It is unclear why Samaranch is so offended by the book that he filed a complaint that can only serve to further publicize it. The report of Samaranch's Francoist past was not a revelation, at least not in Spain. Virtually all successful Spanish businessmen of Samaranch's generation were Franco sympathizers—if they hadn't been, they would not have been successful. Much of the rest of the book's criticism of Samaranch centers on his burning ambition and his use of family wealth to insinuate himself into positions of power. Of course, if these were crimes that could be tried in a court, few members of the IOC would be found innocent.
Much of The Lords of the Rings is naive. For instance, Simson and Jennings criticize the IOC for arranging photo opportunities. They are aghast not because the photo op is part of modern politics, but because to them it marks the IOC as a political organization. The book also details the much-publicized allegation that gifts and perks have been given to IOC members by cities bidding for the Games in hope of influencing the members' votes. Readers learn that IOC members stay in luxury hotels and live pampered lives.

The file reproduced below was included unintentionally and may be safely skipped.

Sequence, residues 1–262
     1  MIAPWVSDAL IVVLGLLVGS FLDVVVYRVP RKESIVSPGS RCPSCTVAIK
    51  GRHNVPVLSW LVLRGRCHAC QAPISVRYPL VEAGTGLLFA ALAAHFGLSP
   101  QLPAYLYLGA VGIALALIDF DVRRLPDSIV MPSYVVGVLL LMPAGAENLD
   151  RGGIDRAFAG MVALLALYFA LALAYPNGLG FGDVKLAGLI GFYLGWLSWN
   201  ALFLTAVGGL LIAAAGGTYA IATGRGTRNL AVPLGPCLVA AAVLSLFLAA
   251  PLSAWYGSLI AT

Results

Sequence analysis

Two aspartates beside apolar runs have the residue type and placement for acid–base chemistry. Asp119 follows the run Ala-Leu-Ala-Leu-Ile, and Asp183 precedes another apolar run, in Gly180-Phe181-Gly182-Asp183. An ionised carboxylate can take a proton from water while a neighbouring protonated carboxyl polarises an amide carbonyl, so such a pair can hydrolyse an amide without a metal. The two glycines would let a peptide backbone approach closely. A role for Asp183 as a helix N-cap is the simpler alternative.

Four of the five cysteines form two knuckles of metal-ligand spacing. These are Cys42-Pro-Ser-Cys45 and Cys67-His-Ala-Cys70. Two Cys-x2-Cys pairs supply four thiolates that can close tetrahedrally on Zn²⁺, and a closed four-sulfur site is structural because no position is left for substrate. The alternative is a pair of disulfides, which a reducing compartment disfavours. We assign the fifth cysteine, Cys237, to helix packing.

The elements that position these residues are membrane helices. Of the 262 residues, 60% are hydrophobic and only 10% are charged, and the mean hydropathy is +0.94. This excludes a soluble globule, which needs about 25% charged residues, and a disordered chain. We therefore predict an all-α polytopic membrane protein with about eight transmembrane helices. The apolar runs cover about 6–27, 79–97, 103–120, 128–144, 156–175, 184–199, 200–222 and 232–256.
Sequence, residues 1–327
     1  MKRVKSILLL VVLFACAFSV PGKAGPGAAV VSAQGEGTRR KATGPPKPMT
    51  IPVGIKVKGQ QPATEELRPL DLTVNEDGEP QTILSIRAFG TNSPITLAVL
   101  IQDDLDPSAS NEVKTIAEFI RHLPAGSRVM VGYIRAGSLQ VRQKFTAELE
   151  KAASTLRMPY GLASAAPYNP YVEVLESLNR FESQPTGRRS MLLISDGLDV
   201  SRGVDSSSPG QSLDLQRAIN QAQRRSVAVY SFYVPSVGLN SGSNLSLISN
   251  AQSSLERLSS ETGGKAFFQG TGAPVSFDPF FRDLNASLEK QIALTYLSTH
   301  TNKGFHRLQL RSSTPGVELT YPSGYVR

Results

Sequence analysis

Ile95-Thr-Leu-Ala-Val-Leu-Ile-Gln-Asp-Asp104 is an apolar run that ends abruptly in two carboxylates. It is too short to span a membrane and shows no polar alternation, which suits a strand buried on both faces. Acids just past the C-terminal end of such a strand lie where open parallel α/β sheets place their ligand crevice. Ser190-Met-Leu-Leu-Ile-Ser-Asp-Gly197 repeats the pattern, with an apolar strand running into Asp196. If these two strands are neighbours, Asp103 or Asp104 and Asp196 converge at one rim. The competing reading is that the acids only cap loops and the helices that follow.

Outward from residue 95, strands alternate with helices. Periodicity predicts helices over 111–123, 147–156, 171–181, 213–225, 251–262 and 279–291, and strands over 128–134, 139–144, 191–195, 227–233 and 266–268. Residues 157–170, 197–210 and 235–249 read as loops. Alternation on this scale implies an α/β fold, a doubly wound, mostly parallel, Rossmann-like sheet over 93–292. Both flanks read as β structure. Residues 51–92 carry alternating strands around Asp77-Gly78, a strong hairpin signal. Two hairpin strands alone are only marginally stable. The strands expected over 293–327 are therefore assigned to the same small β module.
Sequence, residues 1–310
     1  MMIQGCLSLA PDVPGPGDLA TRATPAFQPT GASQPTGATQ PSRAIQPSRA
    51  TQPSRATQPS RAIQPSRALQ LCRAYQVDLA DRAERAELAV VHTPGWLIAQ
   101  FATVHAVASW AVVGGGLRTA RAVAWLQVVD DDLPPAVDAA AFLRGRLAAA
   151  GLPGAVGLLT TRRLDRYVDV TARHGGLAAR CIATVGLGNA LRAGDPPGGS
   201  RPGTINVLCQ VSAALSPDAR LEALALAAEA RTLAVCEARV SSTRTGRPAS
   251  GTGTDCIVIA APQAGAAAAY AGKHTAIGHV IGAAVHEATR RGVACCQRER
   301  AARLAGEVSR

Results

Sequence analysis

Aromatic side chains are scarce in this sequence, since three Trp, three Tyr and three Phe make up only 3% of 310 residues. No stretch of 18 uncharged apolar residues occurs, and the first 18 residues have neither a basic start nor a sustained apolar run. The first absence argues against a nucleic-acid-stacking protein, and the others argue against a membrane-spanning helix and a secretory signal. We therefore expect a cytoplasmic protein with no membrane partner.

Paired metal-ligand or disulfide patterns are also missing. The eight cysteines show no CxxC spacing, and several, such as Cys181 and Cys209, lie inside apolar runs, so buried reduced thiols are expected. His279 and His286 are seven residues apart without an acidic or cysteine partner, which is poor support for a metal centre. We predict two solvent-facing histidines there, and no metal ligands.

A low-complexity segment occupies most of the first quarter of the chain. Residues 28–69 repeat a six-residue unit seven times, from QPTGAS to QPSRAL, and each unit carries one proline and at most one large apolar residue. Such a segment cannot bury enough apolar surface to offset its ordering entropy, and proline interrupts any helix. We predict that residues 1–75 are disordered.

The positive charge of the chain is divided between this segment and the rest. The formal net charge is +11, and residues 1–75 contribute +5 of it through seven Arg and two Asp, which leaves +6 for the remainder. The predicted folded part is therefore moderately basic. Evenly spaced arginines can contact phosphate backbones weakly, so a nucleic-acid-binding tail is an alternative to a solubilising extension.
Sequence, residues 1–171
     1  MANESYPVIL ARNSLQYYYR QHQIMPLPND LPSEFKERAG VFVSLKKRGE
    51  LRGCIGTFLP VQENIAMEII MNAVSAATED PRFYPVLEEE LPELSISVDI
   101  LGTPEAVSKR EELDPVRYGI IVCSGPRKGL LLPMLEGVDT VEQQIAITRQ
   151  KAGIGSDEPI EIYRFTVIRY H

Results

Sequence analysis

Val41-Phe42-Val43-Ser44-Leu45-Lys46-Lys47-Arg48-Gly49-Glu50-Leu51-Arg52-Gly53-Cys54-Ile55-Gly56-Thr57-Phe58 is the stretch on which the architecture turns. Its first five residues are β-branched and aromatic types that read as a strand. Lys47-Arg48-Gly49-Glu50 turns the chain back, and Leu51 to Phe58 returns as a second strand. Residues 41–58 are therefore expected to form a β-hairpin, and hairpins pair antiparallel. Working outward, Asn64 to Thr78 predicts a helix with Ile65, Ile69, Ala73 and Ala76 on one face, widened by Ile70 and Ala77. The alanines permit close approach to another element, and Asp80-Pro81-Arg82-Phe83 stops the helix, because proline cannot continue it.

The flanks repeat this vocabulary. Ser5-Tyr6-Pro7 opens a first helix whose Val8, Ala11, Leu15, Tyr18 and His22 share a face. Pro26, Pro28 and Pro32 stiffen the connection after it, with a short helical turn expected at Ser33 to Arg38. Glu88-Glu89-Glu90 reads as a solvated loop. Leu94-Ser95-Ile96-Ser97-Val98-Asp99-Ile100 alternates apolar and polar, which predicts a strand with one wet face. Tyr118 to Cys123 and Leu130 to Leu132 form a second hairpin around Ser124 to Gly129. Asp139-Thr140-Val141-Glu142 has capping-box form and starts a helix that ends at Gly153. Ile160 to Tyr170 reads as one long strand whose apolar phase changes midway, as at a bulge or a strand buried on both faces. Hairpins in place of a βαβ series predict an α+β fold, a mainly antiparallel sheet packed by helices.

The book's theme is that the Olympics are about big money. If Samaranch ascended to the presidency of the IOC partly through back-room deals and favors, it would hardly be surprising. Such information is only disillusioning to those who cling to the illusion that the Olympics are, or ever were, the epitome of "openness, democracy and free debate."